Regional Reviews: Los Angeles
Six Degrees of Separation
Miami is a hotbed of fresh, flamboyant, and darker stage plays. Based in Miami, Edge Theatre's mission is to find new playwrights and to present neglected works of established playwrights. Six Degrees of Separation is under the umbrella of this mission statement. John Guare's 17-character play is probably the most ambitious project to date for founder Jim Tommaney to handle, but the end result leaves something to be desired.
Edge has in the past used a small space next to a restaurant in the Miami Design District. Because Six Degrees boasts a bigger ensemble than usual, Tommaney moved into a warehouse space with a higher ceiling in the same area to complement the piece. In keeping tradition with the play, the warehouse is also an art gallery that shows off abstract and surreal material.
Welcome to the home of Flan and Ouisa Kittredge (Ivan Saltz, Liz Dennis). They are a well-to-do couple. Flan is a private art dealer who sells paintings for other people, while his wife helps him along by schmoozing the next person who is interested in brokering a deal between Flan and a potential client. This happens to be the case with a long time friend from South Africa named Geoffrey (Gene Bunge).
Flan and Ouisa seldom break the fourth wall to weave a tale about a young African American named Paul (Gamal J. Palmer), who stumbles in after being stabbed by a mugger who took his thesis statement. After cleaning him up and nurturing his wounds, The Kittredges are amazed by Paul's intellect. What gets them to like him even more is Paul claiming to be the son of actor Sidney Poitier. Paul goes even further by telling Ouisa, Flan, and Geoffrey that he could put them in his father's next movie as extras. From that moment on, the Kittredges take a liking to Paul, not knowing his hidden agenda. After finding Paul in bed with another man, Flan and Ouisa realize Paul is nothing but a rip-off artist and they eject him from their home.
When another couple of friends (Joanne Paciello, Christopher Vicchiollo) tell a similar story of how Sidney Poitier's son is going to cast them in a movie, Flan and Ouisa decide to investigate Paul's trickery by connecting the dots to his con games. Even their daughter (Laurie Costanza) gets in on the case by grilling one of Paul's former acquaintances. While Ouisa tracks down Paul, Paul's scheming catches up to him, and he realizes he must turn to the people that he set up in the first place, not knowing this will be his downfall.
Guare has crafted a very skillful piece of literature that creates one person's journey of trying to fit in. It is said that everything is connected through six degrees, and Paul's cons connect very nicely, but unfortunately, the lie can only go on for so long until consequences will have to be suffered - a price to pay for trying to be someone else.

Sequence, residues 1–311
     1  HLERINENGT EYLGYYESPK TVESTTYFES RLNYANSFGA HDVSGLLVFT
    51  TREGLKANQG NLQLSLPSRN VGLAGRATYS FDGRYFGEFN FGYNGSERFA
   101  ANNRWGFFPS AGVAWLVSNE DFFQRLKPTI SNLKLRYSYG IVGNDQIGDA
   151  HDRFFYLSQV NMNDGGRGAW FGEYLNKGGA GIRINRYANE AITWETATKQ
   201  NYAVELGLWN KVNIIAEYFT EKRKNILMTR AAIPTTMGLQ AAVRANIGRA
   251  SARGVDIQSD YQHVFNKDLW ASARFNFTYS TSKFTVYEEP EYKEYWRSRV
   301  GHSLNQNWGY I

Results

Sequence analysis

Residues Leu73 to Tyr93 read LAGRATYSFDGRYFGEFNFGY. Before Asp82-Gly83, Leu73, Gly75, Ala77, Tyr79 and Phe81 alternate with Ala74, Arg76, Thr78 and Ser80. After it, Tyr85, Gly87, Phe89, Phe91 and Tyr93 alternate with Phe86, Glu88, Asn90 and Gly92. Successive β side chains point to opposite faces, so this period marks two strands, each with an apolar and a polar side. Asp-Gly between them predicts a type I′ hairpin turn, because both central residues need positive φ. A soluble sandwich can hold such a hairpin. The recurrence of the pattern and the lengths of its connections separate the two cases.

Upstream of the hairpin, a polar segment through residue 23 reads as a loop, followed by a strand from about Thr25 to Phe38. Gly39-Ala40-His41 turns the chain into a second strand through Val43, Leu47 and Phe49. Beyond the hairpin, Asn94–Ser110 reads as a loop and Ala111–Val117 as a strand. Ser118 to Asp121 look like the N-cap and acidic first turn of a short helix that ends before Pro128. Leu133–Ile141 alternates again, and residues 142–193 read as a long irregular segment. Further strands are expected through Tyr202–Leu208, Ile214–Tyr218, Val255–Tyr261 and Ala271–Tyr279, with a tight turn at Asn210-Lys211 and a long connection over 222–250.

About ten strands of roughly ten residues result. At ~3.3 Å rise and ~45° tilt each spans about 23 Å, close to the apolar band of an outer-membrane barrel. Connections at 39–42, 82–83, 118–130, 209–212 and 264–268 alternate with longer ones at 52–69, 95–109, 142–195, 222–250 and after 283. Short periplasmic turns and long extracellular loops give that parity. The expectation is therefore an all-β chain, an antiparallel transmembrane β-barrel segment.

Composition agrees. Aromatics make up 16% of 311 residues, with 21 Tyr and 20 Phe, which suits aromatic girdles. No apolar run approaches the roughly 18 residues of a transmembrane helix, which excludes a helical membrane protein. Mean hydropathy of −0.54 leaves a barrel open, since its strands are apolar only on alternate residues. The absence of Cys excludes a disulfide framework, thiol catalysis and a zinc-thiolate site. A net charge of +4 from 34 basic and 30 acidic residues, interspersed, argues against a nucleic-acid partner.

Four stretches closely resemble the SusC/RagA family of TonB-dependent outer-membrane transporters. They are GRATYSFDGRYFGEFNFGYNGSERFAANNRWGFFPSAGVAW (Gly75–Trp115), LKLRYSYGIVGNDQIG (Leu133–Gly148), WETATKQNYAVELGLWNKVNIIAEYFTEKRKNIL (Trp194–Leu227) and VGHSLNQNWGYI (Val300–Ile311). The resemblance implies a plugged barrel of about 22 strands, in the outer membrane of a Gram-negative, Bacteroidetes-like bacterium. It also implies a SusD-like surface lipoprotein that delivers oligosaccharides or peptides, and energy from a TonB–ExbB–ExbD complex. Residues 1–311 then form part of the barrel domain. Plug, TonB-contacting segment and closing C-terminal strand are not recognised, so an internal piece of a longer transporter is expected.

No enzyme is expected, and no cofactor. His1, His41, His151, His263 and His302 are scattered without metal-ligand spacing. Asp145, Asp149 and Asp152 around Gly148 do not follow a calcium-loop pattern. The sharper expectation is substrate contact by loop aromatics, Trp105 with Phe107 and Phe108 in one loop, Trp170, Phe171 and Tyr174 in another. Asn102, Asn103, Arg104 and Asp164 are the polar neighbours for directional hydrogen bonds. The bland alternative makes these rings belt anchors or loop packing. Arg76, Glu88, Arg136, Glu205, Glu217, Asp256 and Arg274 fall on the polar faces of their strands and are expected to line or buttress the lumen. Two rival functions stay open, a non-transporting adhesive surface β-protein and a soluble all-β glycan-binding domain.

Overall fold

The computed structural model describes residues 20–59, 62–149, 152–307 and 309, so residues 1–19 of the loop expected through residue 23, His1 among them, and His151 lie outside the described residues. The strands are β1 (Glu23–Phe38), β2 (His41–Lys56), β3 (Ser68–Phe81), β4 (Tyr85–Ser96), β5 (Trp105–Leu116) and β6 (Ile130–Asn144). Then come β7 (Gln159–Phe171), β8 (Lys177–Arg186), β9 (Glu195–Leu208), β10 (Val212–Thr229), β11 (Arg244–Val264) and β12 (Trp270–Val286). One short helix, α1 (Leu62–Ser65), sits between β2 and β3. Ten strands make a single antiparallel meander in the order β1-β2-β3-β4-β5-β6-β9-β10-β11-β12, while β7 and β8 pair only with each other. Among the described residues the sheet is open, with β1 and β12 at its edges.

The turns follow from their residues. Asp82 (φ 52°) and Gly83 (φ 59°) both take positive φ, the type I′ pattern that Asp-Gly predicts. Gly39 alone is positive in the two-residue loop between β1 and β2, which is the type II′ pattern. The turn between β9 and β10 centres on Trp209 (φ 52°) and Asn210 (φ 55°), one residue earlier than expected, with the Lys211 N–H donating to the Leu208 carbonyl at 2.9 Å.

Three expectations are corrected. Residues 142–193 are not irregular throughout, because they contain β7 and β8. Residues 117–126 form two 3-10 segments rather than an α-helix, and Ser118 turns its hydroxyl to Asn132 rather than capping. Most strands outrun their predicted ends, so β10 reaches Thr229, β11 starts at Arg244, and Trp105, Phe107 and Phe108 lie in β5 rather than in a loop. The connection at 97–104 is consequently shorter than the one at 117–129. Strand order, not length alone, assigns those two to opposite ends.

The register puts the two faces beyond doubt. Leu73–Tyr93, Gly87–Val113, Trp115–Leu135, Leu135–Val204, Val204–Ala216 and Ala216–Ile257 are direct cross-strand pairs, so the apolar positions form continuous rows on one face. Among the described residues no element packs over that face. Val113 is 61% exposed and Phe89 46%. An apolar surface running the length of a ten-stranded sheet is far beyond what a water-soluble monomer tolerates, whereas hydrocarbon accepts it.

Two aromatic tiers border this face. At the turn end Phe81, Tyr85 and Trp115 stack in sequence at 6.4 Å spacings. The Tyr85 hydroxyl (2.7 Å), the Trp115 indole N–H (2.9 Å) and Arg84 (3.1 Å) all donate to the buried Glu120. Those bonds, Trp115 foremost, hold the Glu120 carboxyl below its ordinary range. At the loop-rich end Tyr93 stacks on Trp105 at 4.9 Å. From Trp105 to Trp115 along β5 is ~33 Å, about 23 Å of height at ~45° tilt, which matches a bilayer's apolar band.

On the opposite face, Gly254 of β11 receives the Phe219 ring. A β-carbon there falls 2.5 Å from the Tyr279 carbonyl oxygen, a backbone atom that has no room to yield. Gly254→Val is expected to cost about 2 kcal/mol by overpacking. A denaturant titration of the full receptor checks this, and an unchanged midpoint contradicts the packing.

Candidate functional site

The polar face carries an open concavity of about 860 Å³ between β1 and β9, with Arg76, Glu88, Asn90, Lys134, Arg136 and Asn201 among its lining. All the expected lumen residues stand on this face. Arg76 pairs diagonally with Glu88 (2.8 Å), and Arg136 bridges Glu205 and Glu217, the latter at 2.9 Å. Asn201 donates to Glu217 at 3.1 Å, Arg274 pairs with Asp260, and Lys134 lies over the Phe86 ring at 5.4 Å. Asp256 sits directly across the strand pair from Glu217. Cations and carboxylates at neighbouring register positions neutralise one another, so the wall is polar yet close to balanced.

As Ouisa, Liz Dennis's body language conveys a person who wants to be seen as well as heard. She narrates the story very well without being showy. Ivan Saltz's portrayal of Flan, as the oblivious husband, is never over the top, but could be improved by being more serious in his convictions. As for Paul, Gamal Palmer exudes charm, grace, and finesse in the beginning, but when Paul's lies begin to unravel, Palmer never conveys his character's guilt. He never shows any more emotion than what is given to him.
For a 90-minute play with no intermission, the pace is slow. It seems as if director Tommaney has his players making their own choices with staging and character development, which is not necessarily a good thing. The rest of the ensemble is lukewarm at best, being caricatures instead of characters, especially when a couple of members play multiple roles. It also doesn't help when the director is a one-man crew building a dismal, bland set with amateurish paneling and harsh desktop lamps for lighting.
Tommaney wrote in the program that small-budgeted theatres are an endangered species and that nine other companies have stopped operations since Edge opened in 1995. Most programming in Miami that presents darker, compelling fare like Six Degrees on a bare bones budget attracts the younger demographic that theatres desperately seek. If one can get past the garish scenic design and sloppy lighting to see good drama, then Six Degrees will hopefully be enticing enough for someone to help Tommaney lighten his load a bit. He can be contacted at (954) 733-8735 to offer to assist in ways other than attendance.
Meanwhile, Six Degrees plays through February 21st at Edge Theatre, 3627 NE 1 Ct in Miami's Design District. For reservations and information, please call (305) 531-6083.
EDGE THEATRE - Six Degrees of Separation
Cast: Liz Dennis, Ivan Saltz, Gene Bunge, Gamal J. Palmer, Ruben Angel Pinon, Joanne Paciello, Christopher Vicchiollo, Carlos Guerrero, Laurie Costanza, Michael Gavino, Leonard Krys, Hiram Diaz, Dan Cruz, and Barbara DeVarona
-- Kevin Johnson